Atkinson Jan. 20th 1812
I hope my Dear Sister, will excuse all my bad writing, & every inaccuracy which weekly presents itself to her view—My letters I know must appear in a very shabby ordinary Habit, for I have so little time to afford them even the Ornament of a real dress, that I am almost ashamed to send them.—And if I did not think, that as soon as they reached my beloved Sister, she would throw over them the mantle of Love, & Candor, they would not venture, but be discouraged in there approach—For I often write in such haste, as that I have not time to cast my Eye over them, before, the poor things must be posted away—
The fine scailing, & sliding which we have long had, makes many torn cloaths for me to mend, & the number of Males, I have to repair are Eleven, Which ke[e]ps Abby, & me fully employed—Abby has been very unwell ever since her Return from Boston—& Lydia, & Nabby Mitchel have terriblble coughs, & colds—George & John have escaped better than the rest of the Boarders— Please to tell <
Rhuthy> that her favourite Thomas is a good Child—but perhaps, it would been better for him, if she had not been too indulgent—The world was never made for One—We must be accommodating, & ready to oblige, & give place to Others—I am sorry George, & Thomas are not fonder of one another—I have had no trouble with any of there Tempers, but a [lothness] to mind at first speaking—& a disposition to fiddle away time—no Object in view—This is a sad thing—It accomplishes nothing—
I was glad to hear that our Cousin Hannah Smith had the agreeable prospect of pledging herself, & friends in an happy marriage—Few things in this world can give greater satisfaction to Parents, than to see their Children, espicially Daughters connected with worthy, virtuous Companions—It smooths the slope of Life, & cheers our setting Sun—
Mr. Norton can with ease get him a Wife, but Where can he find a Mother to his Children?—Where is the Woman of religious principles, who will take a Charge upon herself so responsible—in whom with safety we can confide? I know but of one—& she may think she had better do good to her friends, & fellow mortals in her own [precious] way—rather than be accountable to any man—however devout he may be—<
And> But if this worthy Friend, of ours should consort to become his Partner in the Cares, joys, & Sorrows of Life, it will in my mind, furnish a better argument to establish the Doctrine of disinterested Benevolence, than anything the Hopkinscians have ever yet offered the world—Not that I have the least objection to this Gentleman, as an Affectionate Husband, a learned Divine, & a faithful minister—but every One, does not see the Path of Duty in the same Line—Our Light will have divergent Rays.—& though One great Object be in view, yet we shall see it differently—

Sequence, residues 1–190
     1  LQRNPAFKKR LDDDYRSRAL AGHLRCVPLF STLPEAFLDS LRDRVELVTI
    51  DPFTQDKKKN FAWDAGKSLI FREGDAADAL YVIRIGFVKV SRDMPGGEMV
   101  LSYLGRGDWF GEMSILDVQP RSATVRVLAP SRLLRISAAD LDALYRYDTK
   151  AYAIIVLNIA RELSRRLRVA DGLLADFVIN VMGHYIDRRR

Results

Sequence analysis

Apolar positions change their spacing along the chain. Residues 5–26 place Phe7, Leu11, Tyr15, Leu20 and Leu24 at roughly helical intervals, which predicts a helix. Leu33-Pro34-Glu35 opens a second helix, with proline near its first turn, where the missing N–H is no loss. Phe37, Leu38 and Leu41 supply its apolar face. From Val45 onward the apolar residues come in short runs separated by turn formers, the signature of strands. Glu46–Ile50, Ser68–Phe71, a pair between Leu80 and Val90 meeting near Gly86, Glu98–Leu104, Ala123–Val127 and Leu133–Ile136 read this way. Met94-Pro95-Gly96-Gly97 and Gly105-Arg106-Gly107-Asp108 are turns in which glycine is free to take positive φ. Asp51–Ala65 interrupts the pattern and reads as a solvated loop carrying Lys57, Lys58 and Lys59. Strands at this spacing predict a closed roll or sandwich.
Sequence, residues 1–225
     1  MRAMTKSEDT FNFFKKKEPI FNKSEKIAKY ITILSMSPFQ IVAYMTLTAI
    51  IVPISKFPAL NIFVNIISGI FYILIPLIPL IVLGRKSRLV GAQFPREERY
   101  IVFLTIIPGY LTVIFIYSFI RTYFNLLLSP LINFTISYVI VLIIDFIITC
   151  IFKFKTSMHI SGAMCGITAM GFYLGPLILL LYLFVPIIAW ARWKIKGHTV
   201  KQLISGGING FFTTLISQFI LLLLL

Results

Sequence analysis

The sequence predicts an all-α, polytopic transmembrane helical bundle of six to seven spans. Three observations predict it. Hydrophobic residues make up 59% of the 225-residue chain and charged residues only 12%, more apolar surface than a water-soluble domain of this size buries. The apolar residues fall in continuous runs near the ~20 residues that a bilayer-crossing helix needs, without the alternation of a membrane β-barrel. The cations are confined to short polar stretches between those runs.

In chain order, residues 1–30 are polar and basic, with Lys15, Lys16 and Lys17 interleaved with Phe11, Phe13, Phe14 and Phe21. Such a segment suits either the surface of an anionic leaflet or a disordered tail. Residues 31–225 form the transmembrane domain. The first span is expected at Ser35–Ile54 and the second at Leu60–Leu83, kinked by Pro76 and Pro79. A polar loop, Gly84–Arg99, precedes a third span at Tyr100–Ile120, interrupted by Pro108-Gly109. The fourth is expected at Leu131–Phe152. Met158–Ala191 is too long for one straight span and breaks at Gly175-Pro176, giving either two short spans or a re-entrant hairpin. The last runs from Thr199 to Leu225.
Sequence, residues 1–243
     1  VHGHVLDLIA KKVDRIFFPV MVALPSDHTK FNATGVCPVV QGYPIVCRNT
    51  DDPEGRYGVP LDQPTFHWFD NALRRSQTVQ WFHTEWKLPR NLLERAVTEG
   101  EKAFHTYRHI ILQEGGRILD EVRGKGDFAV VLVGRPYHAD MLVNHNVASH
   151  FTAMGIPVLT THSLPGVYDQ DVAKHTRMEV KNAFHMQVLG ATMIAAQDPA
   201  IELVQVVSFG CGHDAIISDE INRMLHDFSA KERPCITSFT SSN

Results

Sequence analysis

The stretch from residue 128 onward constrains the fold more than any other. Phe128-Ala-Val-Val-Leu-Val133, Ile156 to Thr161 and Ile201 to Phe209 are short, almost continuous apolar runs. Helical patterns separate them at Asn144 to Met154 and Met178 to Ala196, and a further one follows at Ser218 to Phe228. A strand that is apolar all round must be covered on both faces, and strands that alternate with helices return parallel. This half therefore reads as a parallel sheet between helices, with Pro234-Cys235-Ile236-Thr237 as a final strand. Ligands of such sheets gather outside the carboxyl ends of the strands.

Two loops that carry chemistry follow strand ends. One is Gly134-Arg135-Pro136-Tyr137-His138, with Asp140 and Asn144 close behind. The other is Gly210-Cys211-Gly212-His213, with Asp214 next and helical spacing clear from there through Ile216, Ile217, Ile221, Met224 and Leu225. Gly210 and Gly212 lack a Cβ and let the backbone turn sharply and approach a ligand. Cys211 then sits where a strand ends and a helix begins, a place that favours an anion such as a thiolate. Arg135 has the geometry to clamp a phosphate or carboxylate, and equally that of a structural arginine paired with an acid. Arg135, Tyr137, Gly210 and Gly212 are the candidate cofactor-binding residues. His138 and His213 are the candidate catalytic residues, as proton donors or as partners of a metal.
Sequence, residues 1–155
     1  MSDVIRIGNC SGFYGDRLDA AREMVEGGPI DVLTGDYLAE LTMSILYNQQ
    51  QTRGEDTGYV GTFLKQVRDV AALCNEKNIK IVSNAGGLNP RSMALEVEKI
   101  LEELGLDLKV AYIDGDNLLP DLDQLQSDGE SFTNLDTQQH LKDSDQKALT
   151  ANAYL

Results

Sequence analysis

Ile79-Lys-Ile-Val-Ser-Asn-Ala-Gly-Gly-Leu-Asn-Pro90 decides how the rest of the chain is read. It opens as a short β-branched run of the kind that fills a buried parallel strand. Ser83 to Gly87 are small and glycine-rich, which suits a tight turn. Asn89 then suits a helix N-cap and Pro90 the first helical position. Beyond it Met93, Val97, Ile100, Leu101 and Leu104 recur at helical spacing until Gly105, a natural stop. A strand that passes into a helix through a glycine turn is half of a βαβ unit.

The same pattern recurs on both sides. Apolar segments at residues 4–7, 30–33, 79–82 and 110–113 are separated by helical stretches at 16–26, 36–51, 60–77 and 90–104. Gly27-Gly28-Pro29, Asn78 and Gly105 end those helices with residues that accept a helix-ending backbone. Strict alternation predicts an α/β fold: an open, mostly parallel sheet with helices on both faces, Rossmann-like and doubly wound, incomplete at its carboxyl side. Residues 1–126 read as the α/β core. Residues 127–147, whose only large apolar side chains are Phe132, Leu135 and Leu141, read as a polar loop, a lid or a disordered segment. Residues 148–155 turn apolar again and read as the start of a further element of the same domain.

My dear Sister, I have no means of Information but from you, of any of my Friends, & when you communicate anything, please to tell me the whole Story—Who Mr Norton contemplates for a Wife, & who is to be the favoured Partner of our amiable Cousin Hannah—When Abby came from Boston, she had heard nothing of this happy Circumstance for Mr, & Mrs Smith—& our Curiosity is wonderfully excited—I miss, & for my own sake regret Mr Harrods leaving Haverhill—She was always kind like a Sister, & I could know, & hear by her, of my Boston, & Quincy friends—now that Source, is for the present cut off—.
Our Dear Sister, Cranch used to be very particular in her communications—but now I am deprived of those—She with uncommon affection, & fidelity performed the various duties of Life where resident on Earth, & is now we trust, reaping her reward in Heaven—While we rejocie in the hope, that our dear Brother & Sister are happy, yet we cannot but feel, & regret our own loss—
You ask me my Sister, “where is my Daughter’s Pen, that she does not write”—I confess I commited a great error in her Education—I discouraged her in writing when a Child, those trifling Letters, incident to her age. I mention it now, to warn other Parents, never to hinder, but to indulge, & encourage all those feeble trials of their Geni[us]es—though we may have to pay a most enormous Tax, for Time, paper, & Quills—She now does not like to write, because she thinks she cannot write so elegantly as you, or others, who have distinguished themselves in the Epistolary Stile—& so never uses her Pen, only when urged by necessity, or particular Obligation—
I have no patience about it—though I consider myself in some measure the Cause—I do not know but I shall now run into the other extreme, & indulge all those of whom I have the care, in too frequent writing—for they do not waste paper, & pens, most wretchedly—yet I am sure it obliges them to think—from this, Effort the mind strengthens—We know not to what an height we can reach, unless we stretch our wings—“Those move easiest, who have learnt to dance”—so those express themselves with most ease & perspececity who have early been accustomed to express their thoughts, & wants upon paper—Please to let me know, whether wild, or Garden Cellendine is what is used for Warts—
MHi: Adams Papers.